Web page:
Norfolk Property Developer Jack Scott Fined $2,000
For Offering an Illegal Gift to a Public Official
The Ethics Commission, in a Decision and Order ("Decision"), fined Norfolk property developer Jack Scott the maximum civil penalty of $2,000 for violating section 3 of G.L. c. 268A, the conflict of interest law, by offering an illegal gift to a municipal employee. Specifically, Scott offered a free week's stay at his fly-fishing cabin in Pennsylvania to the chairman of the Norfolk Conservation Commission("ConCom") at a time when Scott had matters pending before the ConCom. (The maximum civil penalty for this type of violation has been increased to $10,000, but that penalty cannot be applied to conduct that occurred prior to September 29, 2009, the effective date of the recently enacted ethics reform bill.) Scott has 30 days to appeal this decision to the Superior Court.
On November 18, 2008, the Commission's Enforcement Division issued an Order to Show Cause alleging that Scott had violated sections (2)(a) and (3)(a) of the conflict of interest law. A hearing in the case was conducted on April 29, 2009.
According to the Decision, beginning in May 2005, Scott, as President of Pine Creek Development Corporation, was seeking approvals from the ConCom in connection with a real estate development project on Applewood Road in Norfolk. Following a May 11, 2006 ConCom vote on an order of conditions for the property, but prior to the issuance of the order, Scott, on the morning of May 12, 2006, sent an e-mail to the ConCom chairman describing his fly-fishing cabin near Williamsport, Pennsylvania. In the e-mail, Scott thanked the chairman by saying "Jeff no bribe just a thanks for being on the up and up with us regardless of how this all plays out" and noted, "… my cabin is yours for a week with your family." The cabin is owned by The Freestone Sportsman Group, Inc., of which Scott is the president, Chief Executive Officer and director. It is marketed as a hunting and fishing cabin and typically rents for $700 a week.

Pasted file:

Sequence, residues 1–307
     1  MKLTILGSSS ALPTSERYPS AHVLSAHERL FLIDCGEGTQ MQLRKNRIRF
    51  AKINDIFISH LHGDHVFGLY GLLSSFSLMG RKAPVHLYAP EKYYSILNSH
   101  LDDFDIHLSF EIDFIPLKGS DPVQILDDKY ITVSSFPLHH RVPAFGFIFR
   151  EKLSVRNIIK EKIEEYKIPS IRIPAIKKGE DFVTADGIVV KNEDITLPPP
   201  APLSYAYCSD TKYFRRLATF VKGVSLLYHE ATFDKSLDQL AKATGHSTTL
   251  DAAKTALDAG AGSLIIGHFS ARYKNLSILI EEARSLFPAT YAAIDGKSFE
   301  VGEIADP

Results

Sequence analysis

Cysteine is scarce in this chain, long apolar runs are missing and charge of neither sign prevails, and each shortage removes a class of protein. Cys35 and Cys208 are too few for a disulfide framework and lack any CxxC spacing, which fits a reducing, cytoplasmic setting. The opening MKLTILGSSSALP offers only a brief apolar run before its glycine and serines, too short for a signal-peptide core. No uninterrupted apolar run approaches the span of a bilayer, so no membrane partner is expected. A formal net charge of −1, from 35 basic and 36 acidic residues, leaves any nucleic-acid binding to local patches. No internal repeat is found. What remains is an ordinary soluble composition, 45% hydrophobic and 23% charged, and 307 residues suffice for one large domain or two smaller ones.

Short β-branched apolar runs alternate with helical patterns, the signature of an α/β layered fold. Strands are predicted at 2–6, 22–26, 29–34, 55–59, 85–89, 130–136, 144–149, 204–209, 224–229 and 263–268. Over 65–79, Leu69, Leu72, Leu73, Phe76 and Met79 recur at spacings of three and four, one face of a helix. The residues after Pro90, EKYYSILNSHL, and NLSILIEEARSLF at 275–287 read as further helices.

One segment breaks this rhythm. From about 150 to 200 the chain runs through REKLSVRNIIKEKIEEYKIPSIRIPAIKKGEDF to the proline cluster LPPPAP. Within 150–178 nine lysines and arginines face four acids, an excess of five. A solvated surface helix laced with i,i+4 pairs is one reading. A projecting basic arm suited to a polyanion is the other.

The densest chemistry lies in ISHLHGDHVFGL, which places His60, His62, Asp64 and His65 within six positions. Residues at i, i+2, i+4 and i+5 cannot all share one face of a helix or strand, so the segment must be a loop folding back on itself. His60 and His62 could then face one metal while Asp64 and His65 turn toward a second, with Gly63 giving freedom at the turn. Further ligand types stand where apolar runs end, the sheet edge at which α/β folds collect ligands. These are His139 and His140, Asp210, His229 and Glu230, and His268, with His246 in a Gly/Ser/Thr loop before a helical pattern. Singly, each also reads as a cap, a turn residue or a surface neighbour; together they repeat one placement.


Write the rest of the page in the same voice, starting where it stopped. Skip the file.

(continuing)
Section 2(a) of G.L. c. 268A, the conflict of interest law, in relevant part, prohibits anyone from corruptly offering anything of value to a municipal employee with intent to influence any official act or act within his official responsibility. Section 3(a) prohibits anyone, otherwise than as provided by law for the proper discharge of official duty, from directly or indirectly offering anything of substantial value to any municipal employee for or because of any official act performed or to be performed by such an employee. According to the Decision, Scott's offer was not made with the corrupt intent to influence the ConCom chairman, and therefore did not violate section 2(a). However, by offering the ConCom chairman the cabin for one week as a reward or "thank you" for past and future actions related to his development project pending before the ConCom, the Commission determined that Scott violated section 3(a).
"The conflict of interest law prohibits anyone from offering or giving a gift to a public employee to reward the public employee for official actions taken or to be taken by the public employee," stated Commission Executive Director Karen L. Nober. "That Mr. Scott was given the maximum fine in the case reflects the seriousness of his actions, which had the potential to undermine the important wetlands protection process."